Cancer research enters ‘golden era’


The launch of several new trials marks the start of a ‘golden era’ in cancer research, the head of a leading charity has said.

Harpal Kumar, Chief Executive of Cancer Research UK, says that scientists now know more than ever about the potentially fatal disease as groundbreaking trials to genetically test tumours in newly diagnosed patients are set to begin.

Although he admits there is still a great deal to be learnt, he says scientists’ “knowledge is growing exponentially” and they are learning “vast amounts more as months go by”.

The trials, backed by the DH and the charity, are set to begin in September in seven hospitals across Britain with scientists believing the results may revolutionise cancer treatment in the UK.

The two year project is intended to lead to a comprehensive genetic testing of tumours across the NHS. It aims to establish which existing treatments cancers are susceptible to, which may lead to the development of new effective medicines intended to target the genetic formation of an individual’s tumour.

The Government has recently backed an increase in genetic testing as part of the national cancer plan, which the charity says will lead in a significant change in the way cancers are treated.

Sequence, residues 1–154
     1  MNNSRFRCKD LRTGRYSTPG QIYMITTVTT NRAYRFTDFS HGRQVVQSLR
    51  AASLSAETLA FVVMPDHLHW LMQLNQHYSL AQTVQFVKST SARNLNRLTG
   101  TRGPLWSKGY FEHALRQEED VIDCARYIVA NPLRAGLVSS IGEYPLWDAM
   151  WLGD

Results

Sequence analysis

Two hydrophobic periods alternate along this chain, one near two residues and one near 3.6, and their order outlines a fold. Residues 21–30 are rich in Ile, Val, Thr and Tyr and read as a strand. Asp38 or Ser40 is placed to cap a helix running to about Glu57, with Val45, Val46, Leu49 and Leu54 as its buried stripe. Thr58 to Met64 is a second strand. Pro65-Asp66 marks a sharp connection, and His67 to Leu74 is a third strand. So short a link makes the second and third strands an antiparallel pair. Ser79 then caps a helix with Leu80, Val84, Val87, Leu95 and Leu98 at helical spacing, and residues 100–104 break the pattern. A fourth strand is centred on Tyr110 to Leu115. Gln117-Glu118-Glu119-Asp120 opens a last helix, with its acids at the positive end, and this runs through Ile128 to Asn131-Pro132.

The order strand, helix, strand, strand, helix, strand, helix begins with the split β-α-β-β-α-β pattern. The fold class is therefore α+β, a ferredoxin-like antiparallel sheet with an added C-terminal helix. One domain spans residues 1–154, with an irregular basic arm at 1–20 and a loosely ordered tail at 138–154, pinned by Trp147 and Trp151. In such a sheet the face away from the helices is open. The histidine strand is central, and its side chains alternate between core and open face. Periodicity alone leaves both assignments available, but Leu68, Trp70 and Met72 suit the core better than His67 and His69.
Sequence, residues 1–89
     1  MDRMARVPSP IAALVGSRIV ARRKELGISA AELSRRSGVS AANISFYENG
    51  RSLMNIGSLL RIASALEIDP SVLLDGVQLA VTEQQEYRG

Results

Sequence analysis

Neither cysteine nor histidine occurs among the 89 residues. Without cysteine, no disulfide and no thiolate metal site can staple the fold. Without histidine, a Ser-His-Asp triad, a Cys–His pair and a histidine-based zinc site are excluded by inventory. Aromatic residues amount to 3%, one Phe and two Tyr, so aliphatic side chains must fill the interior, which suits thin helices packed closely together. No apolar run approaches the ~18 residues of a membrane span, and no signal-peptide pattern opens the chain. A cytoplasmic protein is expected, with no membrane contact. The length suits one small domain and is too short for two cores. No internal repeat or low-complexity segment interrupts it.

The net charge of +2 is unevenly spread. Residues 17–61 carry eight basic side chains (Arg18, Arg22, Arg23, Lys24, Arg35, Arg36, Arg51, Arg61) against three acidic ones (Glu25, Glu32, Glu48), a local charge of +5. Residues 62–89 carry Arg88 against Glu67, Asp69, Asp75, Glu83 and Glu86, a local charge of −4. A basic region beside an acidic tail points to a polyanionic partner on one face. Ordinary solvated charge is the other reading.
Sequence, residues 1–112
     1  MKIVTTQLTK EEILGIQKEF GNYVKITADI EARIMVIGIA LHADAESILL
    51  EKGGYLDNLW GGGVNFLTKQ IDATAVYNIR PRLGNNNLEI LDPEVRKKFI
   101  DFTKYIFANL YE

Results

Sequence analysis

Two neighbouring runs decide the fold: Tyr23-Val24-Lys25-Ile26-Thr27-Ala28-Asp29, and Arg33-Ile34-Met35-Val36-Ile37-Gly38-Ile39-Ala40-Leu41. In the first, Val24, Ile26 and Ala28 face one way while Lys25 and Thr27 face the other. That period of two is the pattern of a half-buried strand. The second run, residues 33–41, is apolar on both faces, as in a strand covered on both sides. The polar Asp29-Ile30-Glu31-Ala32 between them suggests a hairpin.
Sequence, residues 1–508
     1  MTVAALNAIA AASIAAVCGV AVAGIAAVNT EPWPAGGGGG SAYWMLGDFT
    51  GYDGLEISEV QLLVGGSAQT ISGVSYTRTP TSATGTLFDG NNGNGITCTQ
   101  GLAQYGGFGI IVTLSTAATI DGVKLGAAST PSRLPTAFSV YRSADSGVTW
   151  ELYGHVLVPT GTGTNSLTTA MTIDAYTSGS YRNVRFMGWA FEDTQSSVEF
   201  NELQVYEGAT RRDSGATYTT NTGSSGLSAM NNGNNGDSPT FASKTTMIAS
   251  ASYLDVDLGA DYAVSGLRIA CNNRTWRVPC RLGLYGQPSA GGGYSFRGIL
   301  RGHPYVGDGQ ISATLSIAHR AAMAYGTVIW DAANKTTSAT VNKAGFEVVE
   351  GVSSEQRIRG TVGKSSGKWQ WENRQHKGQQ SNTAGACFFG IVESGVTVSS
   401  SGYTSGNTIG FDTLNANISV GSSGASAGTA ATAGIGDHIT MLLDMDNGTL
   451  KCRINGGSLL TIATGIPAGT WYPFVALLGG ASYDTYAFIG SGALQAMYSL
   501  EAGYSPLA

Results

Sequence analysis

“It is not hyperbolic to say that this is the future of treatment,” Mr Kumar said. “This is the future of medicine. This will not just be true in cancer but across medicine more generally.

“People have known for years that we give treatment and it is only going to work for 20% of people and we are now on the cusp of finding out what is going on.”

Genetic testing may discover which drugs work more effectively for certain individuals and decide how effect other types of treatments, such as surgery or radiotherapy, will be.

Mr Kumar says that researchers may find that old or discarded products could work on certain patients and, if scientists can discover which treatments are more effective, it may bring the price of cancer drugs down in the future.

“The problem at the moment is that it takes $1bn to get a drug to market and 15 years or more,” he added. “That is the justification for the pharmaceutical industry charging high prices.

“If on the other hand by the time you get to phase II you know exactly which patients it is going to work on, you only put those patients through and instead of 10% you get an 80% response rate.